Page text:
The Sabres finally had the lottery balls bounce their way and they’ll be selecting first in the 2018 NHL Draft, meaning they’re in pole position to take Swedish phenom Rasmus Dahlin. We discuss exactly what it means for the Sabres to add Dahlin to the roster and how his talent could free up Jason Botterill to move another defenseman in an attempt to add talent to the forward group.
Since making brackets for things is all the rage these days I figured I’d get in on the fun. So I built a Sabres bracket the only way I know how – to honor the tank seasons of 2013-14 and 2014-15.
Seeding was determined based on a few somewhat random factors. Importance to Darcy Regier and Tim Murray’s shared mission, general skill level, games played, on-ice contribution (for or against the tank) and then added consideration for intangibles which unfolded during those years.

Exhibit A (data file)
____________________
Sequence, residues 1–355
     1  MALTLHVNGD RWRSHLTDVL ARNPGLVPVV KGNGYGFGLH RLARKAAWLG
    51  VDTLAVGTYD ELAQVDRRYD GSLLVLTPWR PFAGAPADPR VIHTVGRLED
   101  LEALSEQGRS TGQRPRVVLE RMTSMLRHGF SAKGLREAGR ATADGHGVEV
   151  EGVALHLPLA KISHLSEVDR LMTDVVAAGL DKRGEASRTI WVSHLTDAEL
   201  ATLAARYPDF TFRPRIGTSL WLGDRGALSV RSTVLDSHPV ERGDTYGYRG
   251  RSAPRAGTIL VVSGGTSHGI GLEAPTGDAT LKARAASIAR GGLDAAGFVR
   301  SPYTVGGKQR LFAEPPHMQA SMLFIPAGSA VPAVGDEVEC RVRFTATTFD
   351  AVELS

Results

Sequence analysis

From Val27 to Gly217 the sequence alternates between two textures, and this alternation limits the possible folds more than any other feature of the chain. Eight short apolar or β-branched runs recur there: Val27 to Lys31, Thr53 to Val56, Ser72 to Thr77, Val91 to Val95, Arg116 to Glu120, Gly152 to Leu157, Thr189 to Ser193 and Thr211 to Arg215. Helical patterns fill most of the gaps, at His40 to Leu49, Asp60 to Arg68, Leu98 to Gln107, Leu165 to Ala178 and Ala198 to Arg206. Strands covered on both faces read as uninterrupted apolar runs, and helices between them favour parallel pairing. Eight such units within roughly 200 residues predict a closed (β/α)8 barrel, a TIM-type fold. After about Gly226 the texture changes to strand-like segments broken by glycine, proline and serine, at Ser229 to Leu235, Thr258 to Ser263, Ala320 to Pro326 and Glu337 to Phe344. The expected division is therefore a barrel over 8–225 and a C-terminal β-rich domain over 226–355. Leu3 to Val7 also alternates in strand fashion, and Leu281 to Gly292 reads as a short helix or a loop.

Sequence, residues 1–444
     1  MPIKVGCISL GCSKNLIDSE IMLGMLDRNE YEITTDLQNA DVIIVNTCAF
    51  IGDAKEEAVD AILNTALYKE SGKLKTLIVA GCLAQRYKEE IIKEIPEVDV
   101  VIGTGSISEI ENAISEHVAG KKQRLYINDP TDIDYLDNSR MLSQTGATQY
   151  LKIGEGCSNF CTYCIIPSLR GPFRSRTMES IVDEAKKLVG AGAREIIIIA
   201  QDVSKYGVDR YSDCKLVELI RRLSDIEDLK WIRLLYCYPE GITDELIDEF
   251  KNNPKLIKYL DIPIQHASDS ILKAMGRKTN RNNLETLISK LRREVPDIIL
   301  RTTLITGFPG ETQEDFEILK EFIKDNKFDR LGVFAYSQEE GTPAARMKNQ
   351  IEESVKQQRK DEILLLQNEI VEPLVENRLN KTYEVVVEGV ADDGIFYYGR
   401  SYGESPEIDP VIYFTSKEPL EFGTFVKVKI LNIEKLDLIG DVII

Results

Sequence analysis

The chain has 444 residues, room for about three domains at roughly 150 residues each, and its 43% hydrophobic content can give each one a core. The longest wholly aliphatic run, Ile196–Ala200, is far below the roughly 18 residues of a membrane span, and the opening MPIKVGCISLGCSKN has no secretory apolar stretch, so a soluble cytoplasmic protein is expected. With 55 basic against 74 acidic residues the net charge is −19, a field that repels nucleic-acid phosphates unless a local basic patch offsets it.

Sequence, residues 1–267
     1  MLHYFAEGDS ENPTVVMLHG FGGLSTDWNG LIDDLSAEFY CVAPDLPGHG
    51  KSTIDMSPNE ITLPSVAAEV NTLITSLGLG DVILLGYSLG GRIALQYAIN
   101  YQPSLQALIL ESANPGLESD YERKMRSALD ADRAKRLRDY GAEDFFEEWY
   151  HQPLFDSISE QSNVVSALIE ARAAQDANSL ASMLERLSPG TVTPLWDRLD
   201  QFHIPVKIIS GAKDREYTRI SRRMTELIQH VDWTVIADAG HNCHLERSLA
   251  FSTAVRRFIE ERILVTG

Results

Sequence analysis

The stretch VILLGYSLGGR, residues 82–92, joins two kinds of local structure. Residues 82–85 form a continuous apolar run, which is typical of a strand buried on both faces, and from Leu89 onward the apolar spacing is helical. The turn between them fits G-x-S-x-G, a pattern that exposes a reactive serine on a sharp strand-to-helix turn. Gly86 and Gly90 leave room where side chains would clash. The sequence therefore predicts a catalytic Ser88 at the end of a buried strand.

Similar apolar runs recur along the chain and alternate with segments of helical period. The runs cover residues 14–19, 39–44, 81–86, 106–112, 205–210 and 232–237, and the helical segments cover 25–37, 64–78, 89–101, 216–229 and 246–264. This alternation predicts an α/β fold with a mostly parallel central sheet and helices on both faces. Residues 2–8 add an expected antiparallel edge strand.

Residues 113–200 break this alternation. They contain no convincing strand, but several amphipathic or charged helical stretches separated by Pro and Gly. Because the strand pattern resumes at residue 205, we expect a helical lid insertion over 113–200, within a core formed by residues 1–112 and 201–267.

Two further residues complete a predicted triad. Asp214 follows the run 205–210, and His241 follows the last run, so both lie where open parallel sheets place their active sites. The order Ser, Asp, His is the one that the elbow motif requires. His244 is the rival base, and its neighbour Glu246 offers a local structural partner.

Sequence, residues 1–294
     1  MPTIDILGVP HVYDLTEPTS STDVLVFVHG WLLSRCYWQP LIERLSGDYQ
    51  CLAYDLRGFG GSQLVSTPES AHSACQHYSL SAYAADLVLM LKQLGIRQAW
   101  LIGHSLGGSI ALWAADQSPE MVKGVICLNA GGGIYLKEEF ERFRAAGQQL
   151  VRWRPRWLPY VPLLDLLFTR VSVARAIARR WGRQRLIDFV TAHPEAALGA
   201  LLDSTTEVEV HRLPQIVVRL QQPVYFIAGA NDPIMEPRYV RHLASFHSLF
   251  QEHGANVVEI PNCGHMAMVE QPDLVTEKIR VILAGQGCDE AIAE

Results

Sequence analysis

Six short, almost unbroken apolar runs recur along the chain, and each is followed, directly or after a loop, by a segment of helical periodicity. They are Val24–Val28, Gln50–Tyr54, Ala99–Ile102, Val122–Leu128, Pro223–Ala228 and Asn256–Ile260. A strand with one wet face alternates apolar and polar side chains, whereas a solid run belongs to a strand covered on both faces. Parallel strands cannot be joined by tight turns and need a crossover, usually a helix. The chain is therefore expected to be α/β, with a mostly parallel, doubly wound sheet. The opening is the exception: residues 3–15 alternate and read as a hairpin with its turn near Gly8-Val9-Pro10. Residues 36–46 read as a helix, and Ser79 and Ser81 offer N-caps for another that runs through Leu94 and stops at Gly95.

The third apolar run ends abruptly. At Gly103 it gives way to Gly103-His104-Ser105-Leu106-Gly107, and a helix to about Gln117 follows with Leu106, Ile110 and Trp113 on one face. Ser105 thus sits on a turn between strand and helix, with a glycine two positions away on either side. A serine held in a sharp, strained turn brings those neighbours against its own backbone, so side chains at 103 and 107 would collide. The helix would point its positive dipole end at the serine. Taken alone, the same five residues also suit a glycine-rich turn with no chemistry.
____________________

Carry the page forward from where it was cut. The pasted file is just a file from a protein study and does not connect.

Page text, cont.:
The seeds were still something of a moving target and came down to feel more than anything. But guys like Ryan Miller or Mark Pysyk who were good don’t rate quite as high on the tank scale as someone like Jaroslav Halak who despite playing zero games was a unique and somewhat laughable portion of the tank era. This covers just about everyone who suited up for the Sabres during those two seasons including a couple of surprises. Have some fun when filling this out and share it as you see fit.
It doesn’t take much to stir the ire of Sabres Twitter on the best of days. Today was no exception as David Alter’s post on The Score managed to work numerous Sabres fans into a froth despite being at peak #FaschingWatch. Speaking of which.